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Dare County Celebrates Miss Katie Dredge Christening and Community Day

Posted on October 17, 2022

Dare County, in partnership with EJE Dredging Service, hosted a community day and christening ceremony in Wanchese on Thursday, October 13, 2022, to formally honor Miss Katie, the new 156-foot-long shallow-draft hopper dredge that will be tasked with helping to address the shoaling issues that occur within waterways throughout the region.

Miss Katie—which is the result of a yearslong collaboration between Dare County officials and EJE Dredging Service, the company that owns the dredge—departed from Conrad Shipyard in Morgan City, Louisiana, on August 13, 2022, and on August 19, 2022, she officially arrived in Wanchese Harbor, which will serve as the dredge’s homeport.

The celebratory event kicked off at 10 a.m. with a community day, during which members of the public were invited to take a tour of Miss Katie alongside several of the vessel’s crew members. During this time, attendees were also treated to live music provided by the Tommy V Band as well as refreshments courtesy of Ortega’z Southwestern Grill.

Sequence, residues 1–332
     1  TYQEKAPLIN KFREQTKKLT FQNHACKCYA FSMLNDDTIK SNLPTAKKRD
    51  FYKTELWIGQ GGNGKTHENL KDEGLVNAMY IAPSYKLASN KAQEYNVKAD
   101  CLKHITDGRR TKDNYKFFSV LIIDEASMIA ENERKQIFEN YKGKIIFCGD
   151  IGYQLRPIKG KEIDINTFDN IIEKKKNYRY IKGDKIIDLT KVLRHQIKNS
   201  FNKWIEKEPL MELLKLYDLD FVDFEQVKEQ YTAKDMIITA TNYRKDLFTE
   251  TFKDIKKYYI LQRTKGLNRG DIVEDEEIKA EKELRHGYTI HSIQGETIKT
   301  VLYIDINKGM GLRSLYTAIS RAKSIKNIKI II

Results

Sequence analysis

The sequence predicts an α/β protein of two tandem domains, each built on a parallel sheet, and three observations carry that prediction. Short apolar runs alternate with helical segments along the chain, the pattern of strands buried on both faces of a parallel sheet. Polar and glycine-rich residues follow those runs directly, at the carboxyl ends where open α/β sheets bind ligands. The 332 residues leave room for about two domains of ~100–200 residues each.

Miss Katie crew members provided tours of the Miss Katie throughout the community day held on October 13, 2022 from 10 a.m. to 4 p.m.

Attendees enjoying refreshments from Ortega’z Southerwestern Grille during the Miss Katie community day in Wanchese Marine Industrial Park.

Following the community day, the christening ceremony commenced, featuring remarks made by several key stakeholders, including Dare County Board of Commissioners Chairman Bob Woodard, Dare County Commissioner and Oregon Inlet Task Force Chairman Jim Tobin, and EJE Dredging Service CEO/Managing Partner Jordan Hennessy—as well as North Carolina State Senator Norman Sanderson, North Carolina Marine Industrial Park Executive Director Bob Peele and U.S. Senator Richard Burr.

“I know all of us have waited very patiently for years for Miss Katie, who will play an integral role in helping to keep our waterways open and navigable for both commercial and recreational vessels—and let me tell you, folks: the vessel that is docked beside me here today was definitely worth the wait,” Woodard said as the ceremony began.

Dare County Board of Commissioners Chairman Bob Woodard speaking during the christening event in Wanchese Marine Industrial Park.